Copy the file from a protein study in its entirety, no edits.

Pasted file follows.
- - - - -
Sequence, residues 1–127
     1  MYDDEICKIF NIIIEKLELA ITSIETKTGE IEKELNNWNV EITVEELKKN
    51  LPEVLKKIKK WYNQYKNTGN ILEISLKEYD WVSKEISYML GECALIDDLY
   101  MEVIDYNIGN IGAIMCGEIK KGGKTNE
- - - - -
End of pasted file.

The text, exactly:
Sequence, residues 1–127
     1  MYDDEICKIF NIIIEKLELA ITSIETKTGE IEKELNNWNV EITVEELKKN
    51  LPEVLKKIKK WYNQYKNTGN ILEISLKEYD WVSKEISYML GECALIDDLY
   101  MEVIDYNIGN IGAIMCGEIK KGGKTNE